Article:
That treaty story is very fascinating. It really shows the dysfunction of the Senate, even more-so than the endless filibuster stories.It can be argued that the Senate would operate better as a majority-run body for normal business, and that a majority swept into power should be able to enact their agenda through legislation.But under no Senate reform would the threshold for treaties be changed. And if crazy conspiracy theories can sway enough votes to keep something like this disabilities treaty from getting the needed 2/3rds, what is the recourse? How can the Senate be fixed to allow inoffensive and routine business like this to pass?
Yes, that story is eye-opening. It's not only the story of an extremist party, but a party being held hostage by a very small extremist faction in the party. It seems unprecedented to me.
I think it's also the story of an extremist faction that can't recognize evidence nor can it seem to find much empathy. It's actually quite disturbing.
The worst part about the Dole story:"Solving Washington gridlock shouldn’t be that difficult. Think of it as a math problem, he said.'If somebody is at a two and you are at four, there ought to be some way to get to three,' Dole said. 'And you settle on three.'"He's right, except that the GOP has tacked so hard right over the years that instead of being at 2 and 4, we're at -20 and 4, so of course meeting in the middle is, what, -8? Is it not reasonable to expect Democrats to move a little but not all the way down to -18, to meet at -19? Dole's sort of right that the math is simple, but not when Republicans have moved the Overton Window so far outside of the mainstream.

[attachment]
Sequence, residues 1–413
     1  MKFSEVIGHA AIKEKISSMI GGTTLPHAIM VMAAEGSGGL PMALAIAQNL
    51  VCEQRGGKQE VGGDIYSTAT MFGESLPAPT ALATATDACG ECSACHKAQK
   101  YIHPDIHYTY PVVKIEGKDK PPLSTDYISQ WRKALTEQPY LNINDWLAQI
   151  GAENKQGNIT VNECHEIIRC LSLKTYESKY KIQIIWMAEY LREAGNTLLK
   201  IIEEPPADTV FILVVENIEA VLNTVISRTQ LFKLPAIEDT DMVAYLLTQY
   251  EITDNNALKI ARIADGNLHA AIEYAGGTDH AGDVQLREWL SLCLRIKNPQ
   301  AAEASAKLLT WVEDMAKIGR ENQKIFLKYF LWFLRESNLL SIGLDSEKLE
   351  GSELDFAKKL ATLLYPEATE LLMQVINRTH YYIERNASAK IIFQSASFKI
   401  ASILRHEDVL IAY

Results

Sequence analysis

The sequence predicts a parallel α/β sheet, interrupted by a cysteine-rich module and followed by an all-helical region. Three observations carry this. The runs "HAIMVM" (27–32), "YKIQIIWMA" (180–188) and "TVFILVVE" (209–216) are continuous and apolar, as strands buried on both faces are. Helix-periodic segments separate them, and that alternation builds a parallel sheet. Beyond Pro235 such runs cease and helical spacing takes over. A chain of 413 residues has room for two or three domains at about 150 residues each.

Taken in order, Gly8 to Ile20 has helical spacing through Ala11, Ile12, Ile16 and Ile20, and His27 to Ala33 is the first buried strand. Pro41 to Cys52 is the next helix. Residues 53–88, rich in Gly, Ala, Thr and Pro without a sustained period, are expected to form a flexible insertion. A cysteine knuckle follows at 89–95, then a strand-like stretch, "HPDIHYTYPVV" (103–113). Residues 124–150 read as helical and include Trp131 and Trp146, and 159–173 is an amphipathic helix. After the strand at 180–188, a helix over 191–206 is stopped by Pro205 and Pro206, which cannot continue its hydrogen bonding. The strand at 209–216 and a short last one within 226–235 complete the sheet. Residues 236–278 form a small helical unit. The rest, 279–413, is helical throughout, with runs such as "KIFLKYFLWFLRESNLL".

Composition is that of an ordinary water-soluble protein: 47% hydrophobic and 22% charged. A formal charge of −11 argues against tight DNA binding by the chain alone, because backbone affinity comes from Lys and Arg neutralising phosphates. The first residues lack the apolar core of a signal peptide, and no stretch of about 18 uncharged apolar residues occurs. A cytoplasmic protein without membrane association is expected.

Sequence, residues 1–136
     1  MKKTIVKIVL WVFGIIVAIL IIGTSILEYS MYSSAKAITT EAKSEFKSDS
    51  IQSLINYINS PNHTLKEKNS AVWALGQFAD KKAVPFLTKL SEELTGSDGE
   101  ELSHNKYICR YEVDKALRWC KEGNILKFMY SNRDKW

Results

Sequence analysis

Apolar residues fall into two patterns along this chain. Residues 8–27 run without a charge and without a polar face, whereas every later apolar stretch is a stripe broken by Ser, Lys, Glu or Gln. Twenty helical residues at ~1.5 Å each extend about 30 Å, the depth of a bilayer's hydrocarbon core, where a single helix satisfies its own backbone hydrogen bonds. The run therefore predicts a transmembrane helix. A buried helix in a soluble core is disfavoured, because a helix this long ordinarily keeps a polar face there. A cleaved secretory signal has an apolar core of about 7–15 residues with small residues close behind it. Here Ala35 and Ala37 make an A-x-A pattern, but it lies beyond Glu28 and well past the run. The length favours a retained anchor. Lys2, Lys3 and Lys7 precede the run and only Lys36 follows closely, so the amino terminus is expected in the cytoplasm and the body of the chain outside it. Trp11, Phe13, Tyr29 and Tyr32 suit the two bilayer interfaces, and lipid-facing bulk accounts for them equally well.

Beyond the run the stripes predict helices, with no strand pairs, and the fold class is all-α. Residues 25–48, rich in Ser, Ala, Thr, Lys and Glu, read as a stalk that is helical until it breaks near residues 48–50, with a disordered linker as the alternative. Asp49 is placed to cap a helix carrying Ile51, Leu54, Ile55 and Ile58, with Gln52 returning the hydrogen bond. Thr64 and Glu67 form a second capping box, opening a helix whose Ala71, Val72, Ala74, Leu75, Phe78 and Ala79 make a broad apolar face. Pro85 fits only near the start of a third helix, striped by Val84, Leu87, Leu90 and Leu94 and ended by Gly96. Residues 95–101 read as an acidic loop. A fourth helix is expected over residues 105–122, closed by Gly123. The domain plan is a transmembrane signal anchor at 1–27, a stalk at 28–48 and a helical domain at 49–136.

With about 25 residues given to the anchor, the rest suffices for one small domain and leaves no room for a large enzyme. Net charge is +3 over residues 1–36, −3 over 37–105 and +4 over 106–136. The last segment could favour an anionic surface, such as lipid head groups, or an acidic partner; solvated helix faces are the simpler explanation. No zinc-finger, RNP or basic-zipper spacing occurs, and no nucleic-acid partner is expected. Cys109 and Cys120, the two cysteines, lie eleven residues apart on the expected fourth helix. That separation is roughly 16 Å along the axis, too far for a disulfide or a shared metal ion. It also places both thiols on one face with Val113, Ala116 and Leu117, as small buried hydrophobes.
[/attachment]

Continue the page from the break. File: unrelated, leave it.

He's right, except that the GOP has tacked so hard right over the years that instead of being at 2 and 4, we're at -20 and 4, so of course meeting in the middle is, what, -8? Is it not reasonable to expect Democrats to move a little but not all the way down to -18, to meet at -19?Total nonsense. Democrats seem to forget their own old stances on purpose. One example of many:In 1994 and until her death in 1996, Jordan chaired the U.S. Commission on Immigration Reform, which advocated increased restriction of immigration, called for all U.S. residents to carry a national identity card and increased penalties on employers that violated U.S. immigration regulations. Then-President Clinton endorsed the Jordan Commission's proposals.This would now be dubbed a -20.
In the Kranish piece, why would the authors assume that Enron employees would email their most important/nefarious stuff? And why would number of email references to given subjects even make for useful data?
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At The Washington Post
At The American Prospect